Just one week after the grand opening of The Lucky Cricket – a new restaurant and Tiki bar combo in my homestate – I find myself at a table – drink in hand. You might credit that to my super elite, tiki VIP status, but then you’d have me seriously confused with just about anyone else with any credit. No, I walked in, like anyone else, but my resplendent aloha shirt did get a nod from our hostess.
There’s been a fair amount of buzz over this new establishment, especially among us Minnesota tikiphiles, because in a veritable tiki vacuum, any new potential will garner attention. Odds are good you’ve heard of Andrew Zimmern, the celebrity chef and creator of The Lucky Cricket. Chances are also good that by the time you’ve stumbled onto this humble blog, you already know at least a little bit about the conception of this new hyper authentic (if controversially gentrified) Chinese eatery/Tiki bar. With that in Mind, I’m going to leave the prologue to the big hitters. Check these links for more details:
Now that I’ve had the fortune to actually visit the place first hand I thought it more informative to offer more of a lei-mans introduction to The Lucky Cricket. Hype and media PR aside, I couldn’t wait to check this place out because I was eager to see for myself.
The restaurant is located about 10 minutes outside of downtown Minneapolis proper, just off the freeway, in the somewhat well-to-do and largely commercial suburb of St. Louis park. It’s nestled down into what I would describe as a fairly odd layout of other miscellaneous shops and chain eateries set up like some capitalist re-imagining of a European shopping district. Trying to be overly pedestrian feeling, in an area only accessible by automobile it actually just makes everything sort of hard to access. Nevertheless there was ample free parking just around the corner and we made our way inside. The wait staff was friendly and felt seasoned which has not always been my experience when visiting fledgling establishments so that was a pleasure. Coincidentally, we went on the day after Thanksgiving so we were seated within only about 10 minutes. Presumably, (hopefully) this won’t be the norm for such a buzzworthy, new restaurant with celebrity ties.
Zimmern cites the classic tiki bars and pan-Asian establishments of yore as a huge influence going into this endeavor but not-so-humbly touts his worldly experience with cuisine and modern mixology and his role in becoming the bridge between culture and the drooling masses as it were. I’m paraphrasing, and maybe showing my prejudice a little, but I’ll let you read into it how you will. That said – going in with an open mind, we ordered a round of their signature tiki cocktails, inspired by the classics but conceived by one Dean Hurst, the professional cocktail consultant brought on for inception. We followed that with a selection of their lunch menu options.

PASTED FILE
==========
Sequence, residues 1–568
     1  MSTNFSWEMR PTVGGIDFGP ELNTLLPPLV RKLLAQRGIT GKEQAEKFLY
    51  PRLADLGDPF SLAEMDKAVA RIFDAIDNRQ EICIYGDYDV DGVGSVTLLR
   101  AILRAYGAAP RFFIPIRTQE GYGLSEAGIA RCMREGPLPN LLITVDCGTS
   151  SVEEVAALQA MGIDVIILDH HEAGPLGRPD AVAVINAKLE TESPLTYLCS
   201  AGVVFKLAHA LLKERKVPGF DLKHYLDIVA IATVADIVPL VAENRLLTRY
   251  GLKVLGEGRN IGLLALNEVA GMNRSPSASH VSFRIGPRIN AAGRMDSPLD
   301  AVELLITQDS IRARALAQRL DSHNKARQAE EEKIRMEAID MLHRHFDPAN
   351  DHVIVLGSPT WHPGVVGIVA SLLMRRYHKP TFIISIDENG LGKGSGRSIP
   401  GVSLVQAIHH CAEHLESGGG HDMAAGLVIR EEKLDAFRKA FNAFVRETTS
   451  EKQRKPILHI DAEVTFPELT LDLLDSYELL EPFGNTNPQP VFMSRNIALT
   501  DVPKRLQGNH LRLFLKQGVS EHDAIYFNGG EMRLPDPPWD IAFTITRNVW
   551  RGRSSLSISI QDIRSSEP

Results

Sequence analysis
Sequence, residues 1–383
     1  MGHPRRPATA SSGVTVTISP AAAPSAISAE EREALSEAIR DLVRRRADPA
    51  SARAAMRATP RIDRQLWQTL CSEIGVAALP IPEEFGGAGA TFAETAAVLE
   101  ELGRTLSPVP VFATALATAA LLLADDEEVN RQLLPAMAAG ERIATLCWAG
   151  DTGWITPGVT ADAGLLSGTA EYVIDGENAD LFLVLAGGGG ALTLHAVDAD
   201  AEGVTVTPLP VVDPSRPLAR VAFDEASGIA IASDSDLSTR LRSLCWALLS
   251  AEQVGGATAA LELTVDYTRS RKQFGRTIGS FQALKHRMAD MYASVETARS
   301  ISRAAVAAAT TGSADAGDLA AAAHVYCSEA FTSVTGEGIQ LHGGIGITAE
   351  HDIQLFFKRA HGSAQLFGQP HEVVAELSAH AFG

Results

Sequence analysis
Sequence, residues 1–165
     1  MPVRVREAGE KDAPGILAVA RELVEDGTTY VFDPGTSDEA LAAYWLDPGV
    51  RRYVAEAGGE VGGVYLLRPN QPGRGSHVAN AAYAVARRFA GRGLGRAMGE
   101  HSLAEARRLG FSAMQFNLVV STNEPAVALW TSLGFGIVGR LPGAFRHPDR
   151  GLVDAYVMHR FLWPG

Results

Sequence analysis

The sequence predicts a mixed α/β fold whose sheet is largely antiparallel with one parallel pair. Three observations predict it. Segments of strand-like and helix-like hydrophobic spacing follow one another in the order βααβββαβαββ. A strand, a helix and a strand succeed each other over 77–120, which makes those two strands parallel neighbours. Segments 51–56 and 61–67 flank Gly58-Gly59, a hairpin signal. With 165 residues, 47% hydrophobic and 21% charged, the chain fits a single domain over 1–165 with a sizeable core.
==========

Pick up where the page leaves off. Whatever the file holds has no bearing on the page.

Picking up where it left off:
The drinks – ranging from $10-15, are a bit on the expensive side in my opinion. Only because at that price I’m much less likely to try more than one per visit, as I like to do. They did come replete with fashionable garnishes in a selection of Tiki Farm mugs which were available for additional purchase upon request. They were also well crafted and quite tasty, so no complaints there at all. The plates fell into approximately the same price range and were designed to be shared among your party which I’ve always thought is a fun way to dine and try lots of different items. I got the dan dan noodle bowl and my wife got the sweet and sour chicken. We were pleased to find that both of these, while generally well known Chinese food staples, did in fact seem to be elevated above the usual westernized, take-out varieties. The chicken was clean and zesty and not at all like the heavy, fried variety you might be used to. While I personally find that refreshing, I’ll be interested to see if it resounds the same with others. Both the food and drinks earn high marks from me but Minneapolis’ culinary sector gives it some incredibly stiff competition.
As for the other elements of the joint as a whole: the music was a very vanilla mix of contemporary hits that faded into the background; the decor was a fun, quirky amalgam of vague, contemporary Asian influence and tiki-light, which is exactly the sort of mediocrity you’d expect from an investor backed establishment hoping to franchise into nationwide recognition. All in all, we did have a very pleasant first experience with the Lucky Cricket. One that certainly warrants a return. And with word that they plan to do limited releases of new signature mugs quarterly(!) there will be plenty of reasons to visit frequently.
Has anyone else had an opportunity to try The Lucky Cricket yet? Are you planning a visit soon? Not even remotely interested? I’d love to hear about your experiences!